Surfing the ebb and flow of the Asian alcohol market

April 14, 2015

Serving a global market can be great, if a bit of an adventure. The manifestly diverse nature of a worldwide customer base means that a butterfly flapping its wings in Asia can affect winds of change in the U.S. and Europe.

Two Islamic parties in Indonesia, the world’s largest Muslim population, have proposed legislation that would ban alcohol sales, with draconian jail sentences for offenders. The parties sponsoring the bill cite “the protection of the children of the nation” as the fundamental motivation behind the bill, but whatever the reason, putting the world’s fourth most populous country on the wagon would throw the hooch business a curve ball.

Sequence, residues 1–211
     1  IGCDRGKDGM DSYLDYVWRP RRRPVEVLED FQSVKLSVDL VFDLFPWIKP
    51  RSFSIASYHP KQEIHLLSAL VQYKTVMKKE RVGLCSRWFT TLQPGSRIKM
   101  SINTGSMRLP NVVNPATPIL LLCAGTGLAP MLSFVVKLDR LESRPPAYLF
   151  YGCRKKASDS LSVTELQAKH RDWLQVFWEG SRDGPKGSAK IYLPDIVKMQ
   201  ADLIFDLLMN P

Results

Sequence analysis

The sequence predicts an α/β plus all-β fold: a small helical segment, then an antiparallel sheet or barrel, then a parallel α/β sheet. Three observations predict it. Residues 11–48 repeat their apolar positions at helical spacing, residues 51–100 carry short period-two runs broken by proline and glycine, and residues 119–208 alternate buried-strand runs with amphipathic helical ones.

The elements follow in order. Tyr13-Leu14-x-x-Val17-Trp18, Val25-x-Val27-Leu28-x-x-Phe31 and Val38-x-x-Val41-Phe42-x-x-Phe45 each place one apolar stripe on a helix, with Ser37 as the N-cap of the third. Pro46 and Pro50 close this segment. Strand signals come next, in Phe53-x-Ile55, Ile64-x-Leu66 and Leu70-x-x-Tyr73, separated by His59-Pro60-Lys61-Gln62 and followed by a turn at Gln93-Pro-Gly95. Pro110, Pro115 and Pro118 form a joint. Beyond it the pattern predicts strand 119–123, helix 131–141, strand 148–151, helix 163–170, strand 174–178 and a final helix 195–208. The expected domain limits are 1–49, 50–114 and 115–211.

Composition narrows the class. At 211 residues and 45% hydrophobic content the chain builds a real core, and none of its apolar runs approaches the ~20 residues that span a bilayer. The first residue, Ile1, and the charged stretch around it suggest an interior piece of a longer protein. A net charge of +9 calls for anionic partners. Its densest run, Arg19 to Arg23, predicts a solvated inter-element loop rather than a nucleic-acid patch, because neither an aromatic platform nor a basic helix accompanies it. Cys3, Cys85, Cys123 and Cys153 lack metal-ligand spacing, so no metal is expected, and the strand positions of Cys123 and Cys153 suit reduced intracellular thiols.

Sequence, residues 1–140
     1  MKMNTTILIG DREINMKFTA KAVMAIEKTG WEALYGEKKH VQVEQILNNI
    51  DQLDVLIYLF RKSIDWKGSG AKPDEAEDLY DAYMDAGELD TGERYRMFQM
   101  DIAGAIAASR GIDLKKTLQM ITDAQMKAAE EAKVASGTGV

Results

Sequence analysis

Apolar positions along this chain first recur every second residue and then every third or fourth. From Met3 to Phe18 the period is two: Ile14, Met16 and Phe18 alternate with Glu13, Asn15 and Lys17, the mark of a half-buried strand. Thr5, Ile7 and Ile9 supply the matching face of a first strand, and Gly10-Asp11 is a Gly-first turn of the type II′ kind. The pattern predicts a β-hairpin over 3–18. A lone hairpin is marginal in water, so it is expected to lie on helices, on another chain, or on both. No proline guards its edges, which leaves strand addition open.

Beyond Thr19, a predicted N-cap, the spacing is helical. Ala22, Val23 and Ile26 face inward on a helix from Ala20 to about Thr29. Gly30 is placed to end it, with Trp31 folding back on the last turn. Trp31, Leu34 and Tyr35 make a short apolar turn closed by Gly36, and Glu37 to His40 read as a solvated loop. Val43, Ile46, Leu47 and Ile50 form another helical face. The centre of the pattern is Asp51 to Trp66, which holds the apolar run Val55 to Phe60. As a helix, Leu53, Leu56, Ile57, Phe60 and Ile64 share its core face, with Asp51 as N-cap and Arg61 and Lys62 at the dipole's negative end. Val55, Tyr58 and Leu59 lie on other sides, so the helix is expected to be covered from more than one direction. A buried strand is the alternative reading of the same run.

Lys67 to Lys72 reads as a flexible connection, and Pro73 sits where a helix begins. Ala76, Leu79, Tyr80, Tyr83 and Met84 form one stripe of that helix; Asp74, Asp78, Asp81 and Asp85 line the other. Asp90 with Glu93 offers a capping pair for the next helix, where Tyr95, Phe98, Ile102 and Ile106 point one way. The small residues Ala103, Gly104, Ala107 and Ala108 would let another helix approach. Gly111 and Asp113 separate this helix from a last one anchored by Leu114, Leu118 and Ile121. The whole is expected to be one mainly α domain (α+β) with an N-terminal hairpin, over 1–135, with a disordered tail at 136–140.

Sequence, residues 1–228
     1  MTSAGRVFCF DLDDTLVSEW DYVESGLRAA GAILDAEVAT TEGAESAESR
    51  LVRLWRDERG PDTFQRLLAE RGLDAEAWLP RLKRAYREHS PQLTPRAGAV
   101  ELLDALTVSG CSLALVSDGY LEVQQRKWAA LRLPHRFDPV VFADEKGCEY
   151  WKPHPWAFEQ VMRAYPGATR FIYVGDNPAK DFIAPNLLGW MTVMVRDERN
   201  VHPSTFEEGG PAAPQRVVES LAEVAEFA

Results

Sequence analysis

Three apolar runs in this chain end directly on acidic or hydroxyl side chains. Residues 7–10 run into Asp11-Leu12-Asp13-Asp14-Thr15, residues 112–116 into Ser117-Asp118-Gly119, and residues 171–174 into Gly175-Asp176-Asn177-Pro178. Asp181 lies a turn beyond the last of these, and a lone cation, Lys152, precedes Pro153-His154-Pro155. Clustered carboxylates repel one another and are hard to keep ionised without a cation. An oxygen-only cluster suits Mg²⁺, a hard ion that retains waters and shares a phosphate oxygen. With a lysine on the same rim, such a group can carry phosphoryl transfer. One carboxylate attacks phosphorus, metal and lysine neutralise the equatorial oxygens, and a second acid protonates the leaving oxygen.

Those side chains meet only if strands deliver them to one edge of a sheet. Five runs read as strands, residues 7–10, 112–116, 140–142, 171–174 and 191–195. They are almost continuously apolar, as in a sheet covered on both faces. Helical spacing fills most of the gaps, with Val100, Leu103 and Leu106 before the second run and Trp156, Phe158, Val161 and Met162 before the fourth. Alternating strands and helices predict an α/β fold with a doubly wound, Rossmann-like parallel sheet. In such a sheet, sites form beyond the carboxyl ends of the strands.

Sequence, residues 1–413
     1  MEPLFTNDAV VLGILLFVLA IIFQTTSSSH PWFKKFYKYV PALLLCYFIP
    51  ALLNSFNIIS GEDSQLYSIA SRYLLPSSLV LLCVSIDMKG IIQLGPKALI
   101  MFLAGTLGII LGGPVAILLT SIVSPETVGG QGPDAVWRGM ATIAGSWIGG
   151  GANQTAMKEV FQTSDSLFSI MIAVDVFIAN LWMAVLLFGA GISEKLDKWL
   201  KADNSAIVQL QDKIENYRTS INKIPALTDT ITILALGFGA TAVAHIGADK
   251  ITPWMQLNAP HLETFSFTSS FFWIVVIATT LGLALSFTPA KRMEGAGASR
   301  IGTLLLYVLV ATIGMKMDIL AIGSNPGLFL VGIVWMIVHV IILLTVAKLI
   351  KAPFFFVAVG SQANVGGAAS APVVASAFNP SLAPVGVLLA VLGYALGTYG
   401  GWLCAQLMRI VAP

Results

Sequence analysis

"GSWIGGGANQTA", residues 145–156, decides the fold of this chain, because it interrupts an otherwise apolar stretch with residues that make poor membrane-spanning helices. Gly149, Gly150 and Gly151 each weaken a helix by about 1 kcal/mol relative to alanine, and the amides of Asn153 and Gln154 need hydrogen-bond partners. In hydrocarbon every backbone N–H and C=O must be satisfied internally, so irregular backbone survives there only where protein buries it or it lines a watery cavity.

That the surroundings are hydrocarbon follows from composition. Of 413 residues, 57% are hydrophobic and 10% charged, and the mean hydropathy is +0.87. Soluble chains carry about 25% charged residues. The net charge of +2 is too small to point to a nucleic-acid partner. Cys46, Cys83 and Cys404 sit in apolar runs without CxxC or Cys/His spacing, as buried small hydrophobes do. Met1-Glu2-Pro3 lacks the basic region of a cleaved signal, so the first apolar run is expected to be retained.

As this Reuters graphic shows, Indonesian beer sales have increased by better than 50 percent over the past decade, but its overall consumption remains quite small despite a population of over 250 million. A recent Nielsen survey found that just 2.2 percent of Indonesians over 20 had consumed alcohol in the past 12 months, but Indonesian tourism officials are concerned about the economic effects of extending an alcohol ban to tourist spots like Bali.

Still, even as spirits giants Diageo, CarlsbergĀ and Heineken are bracing for the worst in Indonesia, the Chinese beer market is growing precipitously, set to overtake the U.S. by 2017. One sales opportunity closes and another opens.


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